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# Expected value?

### #1

Posted 31 January 2013 - 06:29 AM

### #2

Posted 31 January 2013 - 10:05 AM

*The greatest challenge to any thinker is stating the problem in a way that will allow a solution.*

- Bertrand Russell

### #3

Posted 06 February 2013 - 01:30 AM

Spoiler for This should answer it

I keep coming up with the same answer using the exact same math, but when I simulate it on the computer, it takes greater that 2.25 steps for r=1.5m (takes about 3.5 steps) and greater than 9 steps for r=3m (takes about 11.4 steps).

### #4

Posted 12 February 2013 - 06:12 PM

I can't find a neat analytic solution for the problem of finding the expected number of steps until the ant leaves the circle, though it could be done by simulation or numerical approximation. This puzzle, however, asks a different question...Mathemagician, on 30 Jan 2013 - 21:37, said:

A long time ago, I posted a problem about an ant in a circle with a diameter of 3 meters. The ant would go 1 meter in a random direction, rest, and go 1 meter in another random direction and repeat this process until it got out of the circle. What is the expected number of 1-meter steps the ant takes before escaping. It was never fully solved and I just recently got back to it and thought of this question: assume f(x) is the expected distance from the center after x steps. Is the answer to the original question merely when does f(x) become greater than 3?

### #5

Posted 16 February 2013 - 10:59 PM

I believe this problem is about a drunk man, not an ant. He takes 1 meter step, falls, gets up makes another step in random direction, and so on.

Spoiler for This should answer it

I don't see how this trip averages out to zero and returns to the same point. Clearly, it is not true for the first step. And the probatillity of getting back to the point of origin on the second step is slight.

I am not sure wheter the title I used "Two Dimensional Random Walk" is the conventional name for this problem. Must check the literature, (which I never do.)

**Edited by Prime, 16 February 2013 - 11:03 PM.**

Past prime, actually.

### #6

Posted 17 February 2013 - 02:22 AM

Oops, forgot another square root. Here is the correction/addition to the previous post.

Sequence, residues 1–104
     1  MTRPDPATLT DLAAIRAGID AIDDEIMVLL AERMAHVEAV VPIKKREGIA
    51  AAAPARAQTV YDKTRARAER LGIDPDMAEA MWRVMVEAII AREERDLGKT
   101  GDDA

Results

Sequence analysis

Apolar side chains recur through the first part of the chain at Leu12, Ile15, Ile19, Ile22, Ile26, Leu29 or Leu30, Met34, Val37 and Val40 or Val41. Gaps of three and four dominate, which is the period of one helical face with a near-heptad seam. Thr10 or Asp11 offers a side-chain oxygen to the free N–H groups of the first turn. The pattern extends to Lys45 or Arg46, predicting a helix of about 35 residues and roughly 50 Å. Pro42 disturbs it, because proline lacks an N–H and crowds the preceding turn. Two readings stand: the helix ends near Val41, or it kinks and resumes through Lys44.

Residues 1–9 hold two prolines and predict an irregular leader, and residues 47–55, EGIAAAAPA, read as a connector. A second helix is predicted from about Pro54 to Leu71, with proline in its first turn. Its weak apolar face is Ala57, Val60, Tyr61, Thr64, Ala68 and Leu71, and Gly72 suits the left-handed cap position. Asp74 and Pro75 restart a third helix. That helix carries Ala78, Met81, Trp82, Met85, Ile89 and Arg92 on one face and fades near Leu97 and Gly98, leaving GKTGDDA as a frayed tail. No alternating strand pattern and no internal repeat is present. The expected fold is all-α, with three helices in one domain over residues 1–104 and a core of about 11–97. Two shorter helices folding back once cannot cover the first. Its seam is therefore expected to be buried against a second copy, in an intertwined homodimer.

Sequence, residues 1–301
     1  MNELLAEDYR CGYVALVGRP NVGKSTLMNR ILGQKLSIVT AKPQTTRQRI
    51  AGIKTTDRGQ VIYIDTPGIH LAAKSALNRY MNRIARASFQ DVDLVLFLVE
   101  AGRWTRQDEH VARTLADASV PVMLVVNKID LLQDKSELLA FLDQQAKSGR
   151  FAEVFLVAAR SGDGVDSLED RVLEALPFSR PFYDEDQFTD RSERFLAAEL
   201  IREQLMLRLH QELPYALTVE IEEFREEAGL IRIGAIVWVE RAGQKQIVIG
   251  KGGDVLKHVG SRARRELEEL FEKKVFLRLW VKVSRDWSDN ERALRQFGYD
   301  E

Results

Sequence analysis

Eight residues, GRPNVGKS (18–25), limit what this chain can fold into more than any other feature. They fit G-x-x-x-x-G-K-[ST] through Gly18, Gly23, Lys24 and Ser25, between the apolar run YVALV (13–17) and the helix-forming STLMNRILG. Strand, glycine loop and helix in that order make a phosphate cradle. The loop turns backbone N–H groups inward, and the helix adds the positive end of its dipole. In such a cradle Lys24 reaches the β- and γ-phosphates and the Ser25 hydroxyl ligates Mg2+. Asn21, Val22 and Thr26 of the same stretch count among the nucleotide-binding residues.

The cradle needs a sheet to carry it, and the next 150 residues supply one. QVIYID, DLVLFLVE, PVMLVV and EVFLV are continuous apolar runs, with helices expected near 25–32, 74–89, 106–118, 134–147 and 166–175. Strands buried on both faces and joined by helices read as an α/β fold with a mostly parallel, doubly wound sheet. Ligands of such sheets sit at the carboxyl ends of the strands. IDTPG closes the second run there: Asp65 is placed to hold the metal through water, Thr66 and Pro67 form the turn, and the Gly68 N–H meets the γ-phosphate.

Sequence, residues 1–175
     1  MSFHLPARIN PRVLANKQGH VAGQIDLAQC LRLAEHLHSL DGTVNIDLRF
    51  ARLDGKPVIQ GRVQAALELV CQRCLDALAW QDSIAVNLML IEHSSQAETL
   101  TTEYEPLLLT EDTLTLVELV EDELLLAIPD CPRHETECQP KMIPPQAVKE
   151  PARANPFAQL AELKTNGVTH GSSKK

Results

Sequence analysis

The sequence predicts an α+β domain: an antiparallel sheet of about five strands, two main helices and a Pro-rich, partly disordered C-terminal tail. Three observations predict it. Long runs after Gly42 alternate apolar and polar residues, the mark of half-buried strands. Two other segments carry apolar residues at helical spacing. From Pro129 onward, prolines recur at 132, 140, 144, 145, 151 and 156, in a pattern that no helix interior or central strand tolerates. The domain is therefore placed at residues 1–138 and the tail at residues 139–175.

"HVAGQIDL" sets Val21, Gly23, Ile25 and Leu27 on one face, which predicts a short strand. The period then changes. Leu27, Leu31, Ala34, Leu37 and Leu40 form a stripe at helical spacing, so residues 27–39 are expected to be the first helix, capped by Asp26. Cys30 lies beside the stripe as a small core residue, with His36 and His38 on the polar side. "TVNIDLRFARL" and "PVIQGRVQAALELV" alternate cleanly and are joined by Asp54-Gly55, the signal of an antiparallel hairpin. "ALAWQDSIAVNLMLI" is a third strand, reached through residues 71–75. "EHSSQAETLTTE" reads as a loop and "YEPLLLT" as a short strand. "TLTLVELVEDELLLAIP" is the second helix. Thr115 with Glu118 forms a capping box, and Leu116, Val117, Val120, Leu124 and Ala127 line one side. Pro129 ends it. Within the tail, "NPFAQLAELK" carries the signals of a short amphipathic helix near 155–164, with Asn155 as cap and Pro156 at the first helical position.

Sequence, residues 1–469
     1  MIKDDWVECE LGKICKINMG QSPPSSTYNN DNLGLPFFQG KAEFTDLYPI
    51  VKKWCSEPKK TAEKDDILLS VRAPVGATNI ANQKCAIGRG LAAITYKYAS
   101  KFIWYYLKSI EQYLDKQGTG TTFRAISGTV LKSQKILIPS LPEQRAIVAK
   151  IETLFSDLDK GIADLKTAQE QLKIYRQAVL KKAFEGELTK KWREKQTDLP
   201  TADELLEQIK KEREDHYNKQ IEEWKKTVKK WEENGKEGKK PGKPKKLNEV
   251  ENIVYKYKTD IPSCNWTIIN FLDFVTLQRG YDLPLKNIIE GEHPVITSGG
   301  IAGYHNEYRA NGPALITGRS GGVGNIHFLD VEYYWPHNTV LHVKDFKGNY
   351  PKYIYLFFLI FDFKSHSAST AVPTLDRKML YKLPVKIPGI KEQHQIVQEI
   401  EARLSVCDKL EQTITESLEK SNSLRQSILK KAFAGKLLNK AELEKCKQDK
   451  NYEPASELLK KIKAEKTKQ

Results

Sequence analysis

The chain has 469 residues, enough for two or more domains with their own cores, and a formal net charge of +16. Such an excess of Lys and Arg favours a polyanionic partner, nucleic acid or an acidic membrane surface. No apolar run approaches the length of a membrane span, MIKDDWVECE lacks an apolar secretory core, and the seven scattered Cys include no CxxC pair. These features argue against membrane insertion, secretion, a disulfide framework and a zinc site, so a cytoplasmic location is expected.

Normally, I try to avoid using integrals and calculus in general. I don't like that branch of mathematics and don't believe in it.

So it is entirely possible I messed up the above formulas. Besides, I have not actually figured out the Integral I used for this solution. But never mind all that. I checked few sources on the internet regarding two-dimensional random walk problem. I did not feel like submerging into the complex math presented there. Imo, those sources used insufficient justification and explanation for the formulas they use. What's interesting, in my brief examination, I did not see my **concept of the average increase in distance from any given point with each step **in the treatments of Random Walk in Two Dimensions. (As shown on the diagram in my previous post.)

Are there any professional mathematicians here to shed light on this?

Past prime, actually.

### #7

Posted 20 February 2013 - 01:23 AM

To reiterate the point **Bushindo** has made already (post#4.)

There is a difference in **average distance from origin after n steps **and **how many steps are required on average to travel that far**. The average distance includes variations where the drunkard has traveled further and then returned. On the other hand, to travel further than 1.5 steps, he must make __at least__ 2 steps. The probability of leaving the area after one step is zero, so the first step does not add anything to the average steps; whereas it does add its full size to the average distance.

One way to run a computer simulation is to make random steps until the drunkard wanders past the designated radius, tally up the steps it took for each experiment and calculate the average. That should show how many steps it takes on average to leave the area.

Another way is to have n steps in each experiment, tally up the distances traveled, calculate the average. That would show the mean distance from origin after n steps.

Past prime, actually.

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